Occupiers from the 16th century
This is not the original Manor of Harpenden. That distinction probably belongs to Harpendenbury, beside the river Ver in the north-west of the old parish of Wheathampstead and Harpenden. The earliest recorded name for the building is Blakesleys when, in the late 16th century it was occupied by members of the Cressey and Bardolf families, who also lived at Rothamsted Manor. During renovations to Harpenden Hall in 1997 an old fireplace was opened up and carved in the stonework was found the name E.BARDOLF.
In 1642 Blakesleys was owned by Godman Jenkyn, who was a member of the house-hold of James I. Ownership passed to his grandson, also named Godman Jenkyn. Then, by complex inheritance and marriage settlements it passed to the Reading and Pym families until, by the early nineteenth century, it was part of the Pym and Packe estate.
No longer a family home
From 1818 to 1839 Blakesleys was a school set up by the Rev. Phillips as a Dissenting School for Boys. These Dissenters were the forerunners of the Congregational Church. They built their first chapel in the grounds of the school. In 1821 there were 44 boys and 4 resident masters at the school.
From 1840 until the 1890s Doctor Rumball held the Hall as a private mental asylum. There is a report that one of the inmates was often seen walking on the Common with his keeper and that he attended one watchnight service at the Methodist Church, again with an attendant.
In 1910, Harpenden Hall once more became a school – Miss English’s School for Girls – until 1923. This may be when the building was extended with a south-east facing wing.??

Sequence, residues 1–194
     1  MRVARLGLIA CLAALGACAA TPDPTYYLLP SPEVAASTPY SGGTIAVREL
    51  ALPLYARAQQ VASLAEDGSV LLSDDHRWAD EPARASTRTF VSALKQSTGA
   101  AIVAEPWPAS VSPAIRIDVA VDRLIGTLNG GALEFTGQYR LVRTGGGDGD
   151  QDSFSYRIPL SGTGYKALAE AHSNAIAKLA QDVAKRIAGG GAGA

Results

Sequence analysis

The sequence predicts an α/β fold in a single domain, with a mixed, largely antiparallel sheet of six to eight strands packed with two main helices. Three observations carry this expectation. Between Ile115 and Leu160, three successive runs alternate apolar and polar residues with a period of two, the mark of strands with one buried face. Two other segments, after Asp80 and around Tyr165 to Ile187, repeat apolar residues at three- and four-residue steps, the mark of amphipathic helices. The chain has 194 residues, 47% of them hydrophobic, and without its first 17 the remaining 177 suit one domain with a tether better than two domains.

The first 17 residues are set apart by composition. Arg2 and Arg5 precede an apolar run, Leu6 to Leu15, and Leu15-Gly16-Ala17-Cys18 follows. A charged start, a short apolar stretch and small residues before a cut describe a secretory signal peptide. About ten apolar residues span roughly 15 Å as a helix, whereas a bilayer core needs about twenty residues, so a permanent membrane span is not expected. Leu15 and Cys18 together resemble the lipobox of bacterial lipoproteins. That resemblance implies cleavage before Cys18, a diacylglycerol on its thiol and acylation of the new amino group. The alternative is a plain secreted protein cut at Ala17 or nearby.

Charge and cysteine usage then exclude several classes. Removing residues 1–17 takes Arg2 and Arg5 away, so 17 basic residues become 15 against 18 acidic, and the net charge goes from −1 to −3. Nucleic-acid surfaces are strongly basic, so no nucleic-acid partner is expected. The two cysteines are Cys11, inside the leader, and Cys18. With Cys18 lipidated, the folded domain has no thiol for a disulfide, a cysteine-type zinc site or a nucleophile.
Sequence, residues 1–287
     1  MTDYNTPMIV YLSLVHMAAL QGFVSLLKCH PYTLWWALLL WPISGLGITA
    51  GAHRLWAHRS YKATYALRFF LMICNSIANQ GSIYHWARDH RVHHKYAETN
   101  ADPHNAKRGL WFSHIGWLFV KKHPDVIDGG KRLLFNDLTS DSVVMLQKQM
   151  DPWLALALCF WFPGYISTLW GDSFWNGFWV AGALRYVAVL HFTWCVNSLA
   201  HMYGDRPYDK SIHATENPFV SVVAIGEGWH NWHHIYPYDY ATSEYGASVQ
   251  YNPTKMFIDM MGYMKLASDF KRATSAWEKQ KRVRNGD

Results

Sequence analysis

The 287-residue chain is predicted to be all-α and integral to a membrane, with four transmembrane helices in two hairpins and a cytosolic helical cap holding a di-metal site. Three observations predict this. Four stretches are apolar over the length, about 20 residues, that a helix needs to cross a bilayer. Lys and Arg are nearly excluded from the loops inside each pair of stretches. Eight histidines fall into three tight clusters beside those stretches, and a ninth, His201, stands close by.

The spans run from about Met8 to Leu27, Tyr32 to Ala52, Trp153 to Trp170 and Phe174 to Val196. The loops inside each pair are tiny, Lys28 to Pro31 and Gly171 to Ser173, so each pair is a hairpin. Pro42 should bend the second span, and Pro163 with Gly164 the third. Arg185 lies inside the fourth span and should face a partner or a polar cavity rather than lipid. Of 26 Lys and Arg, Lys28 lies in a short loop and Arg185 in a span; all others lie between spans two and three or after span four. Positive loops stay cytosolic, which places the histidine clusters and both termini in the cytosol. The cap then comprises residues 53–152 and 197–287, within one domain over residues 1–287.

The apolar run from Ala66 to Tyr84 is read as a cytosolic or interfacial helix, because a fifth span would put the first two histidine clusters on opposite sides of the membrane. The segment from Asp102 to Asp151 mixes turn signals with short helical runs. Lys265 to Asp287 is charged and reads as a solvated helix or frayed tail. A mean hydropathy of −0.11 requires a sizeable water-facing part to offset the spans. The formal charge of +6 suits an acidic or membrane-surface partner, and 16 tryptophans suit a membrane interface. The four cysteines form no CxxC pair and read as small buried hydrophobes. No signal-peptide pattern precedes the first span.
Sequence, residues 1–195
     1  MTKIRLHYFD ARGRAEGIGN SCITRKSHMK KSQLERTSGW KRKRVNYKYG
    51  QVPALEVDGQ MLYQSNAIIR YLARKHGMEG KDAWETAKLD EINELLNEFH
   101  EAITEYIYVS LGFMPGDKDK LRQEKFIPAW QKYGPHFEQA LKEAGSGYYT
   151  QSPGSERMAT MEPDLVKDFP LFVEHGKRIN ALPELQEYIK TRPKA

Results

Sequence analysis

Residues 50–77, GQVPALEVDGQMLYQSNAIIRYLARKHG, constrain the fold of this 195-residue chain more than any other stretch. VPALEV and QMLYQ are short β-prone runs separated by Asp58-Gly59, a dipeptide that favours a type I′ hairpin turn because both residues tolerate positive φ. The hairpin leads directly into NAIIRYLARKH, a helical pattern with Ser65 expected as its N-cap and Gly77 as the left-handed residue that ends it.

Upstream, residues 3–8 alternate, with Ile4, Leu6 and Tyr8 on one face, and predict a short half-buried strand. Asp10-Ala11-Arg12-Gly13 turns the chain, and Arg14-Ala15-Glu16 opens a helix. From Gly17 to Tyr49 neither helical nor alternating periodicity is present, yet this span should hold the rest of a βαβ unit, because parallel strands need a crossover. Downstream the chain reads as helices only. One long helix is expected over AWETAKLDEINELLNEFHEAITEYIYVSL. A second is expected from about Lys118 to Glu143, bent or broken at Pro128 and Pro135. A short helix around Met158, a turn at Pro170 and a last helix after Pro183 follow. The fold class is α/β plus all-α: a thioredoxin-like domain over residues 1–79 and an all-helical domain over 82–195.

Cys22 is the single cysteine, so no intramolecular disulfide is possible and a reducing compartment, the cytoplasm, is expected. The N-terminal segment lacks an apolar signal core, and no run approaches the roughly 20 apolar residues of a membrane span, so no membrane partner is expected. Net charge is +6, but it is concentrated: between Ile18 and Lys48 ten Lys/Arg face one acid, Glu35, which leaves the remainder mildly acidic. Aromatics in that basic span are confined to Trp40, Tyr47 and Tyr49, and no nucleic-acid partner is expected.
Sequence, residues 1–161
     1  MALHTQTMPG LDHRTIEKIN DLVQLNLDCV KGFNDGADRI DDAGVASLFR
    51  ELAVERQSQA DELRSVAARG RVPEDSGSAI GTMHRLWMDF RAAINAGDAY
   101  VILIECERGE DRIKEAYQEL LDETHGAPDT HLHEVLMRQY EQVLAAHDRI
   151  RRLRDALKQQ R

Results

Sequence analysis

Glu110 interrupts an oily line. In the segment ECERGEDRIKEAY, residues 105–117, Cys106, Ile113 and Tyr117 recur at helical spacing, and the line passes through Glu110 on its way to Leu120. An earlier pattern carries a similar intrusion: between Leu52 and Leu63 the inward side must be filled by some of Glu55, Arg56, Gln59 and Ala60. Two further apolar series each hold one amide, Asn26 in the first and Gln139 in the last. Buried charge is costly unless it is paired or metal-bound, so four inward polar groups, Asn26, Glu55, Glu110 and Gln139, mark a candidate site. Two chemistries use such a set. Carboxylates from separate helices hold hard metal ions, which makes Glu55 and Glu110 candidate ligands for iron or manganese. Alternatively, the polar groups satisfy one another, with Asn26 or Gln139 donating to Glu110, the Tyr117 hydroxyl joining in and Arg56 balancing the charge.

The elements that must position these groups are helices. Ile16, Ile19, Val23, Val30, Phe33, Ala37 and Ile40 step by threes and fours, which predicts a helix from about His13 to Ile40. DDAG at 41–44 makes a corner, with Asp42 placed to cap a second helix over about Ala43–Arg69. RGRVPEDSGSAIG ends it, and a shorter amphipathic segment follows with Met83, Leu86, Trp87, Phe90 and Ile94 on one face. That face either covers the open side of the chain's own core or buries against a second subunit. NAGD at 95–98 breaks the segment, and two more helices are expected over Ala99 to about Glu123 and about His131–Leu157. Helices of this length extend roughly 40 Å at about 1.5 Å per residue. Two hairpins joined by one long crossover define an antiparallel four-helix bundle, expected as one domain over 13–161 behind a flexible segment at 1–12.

From 1923 to 1931 the building was occupied by St Dominic’s Convent School for Girls and a further wing was added for classrooms and dormitories.?? In 1931 the Convent School moved again – to the Welcombe (Harpenden House Hotel), along Southdown Road.
Home for Harpenden Urban District Council
Harpenden Hall then became the offices of Harpenden Urban District Council from 1931 to 1973. (NB was it then purchased from the P&P estate?) The convent chapel (on the upper floor of the C17 front wing of the building) became the Council Chamber. The Harpenden Free Library occupied the ground-floor rooms of the south-east wing. The garden on the northern side became the site of the Harpenden Public Halls, opened in 1938.
In 1973/4 Harpenden Urban District Council was dissolved and Harpenden was incorporated in the City and District of St Albans. Ownership of Harpenden Hall, The Public Hall and the Old Public Hall (Park Hall) passed to St Albans City and District Council. The new Council retained an enquiry office, accessed through the main entrance to the Hall, and Harpenden Parish Council (later Harpenden Town Council) had use of two rooms in the front range accessed from the southern end. The remaining offices were let to other organisations and commercial firms. The Local History Society was granted a lease of two rooms in the old caretaker’s cottage at the rear of the Hall.
In 1996 the District Council sold a long lease of the whole building and grounds to a commercial firm, Interface, which undertook extensive conservation and renovation of the listed building. The Local History Society was granted a new lease for rooms in the cottage and then, briefly, in a Portacabin in the carpark, which was revoked in 2003.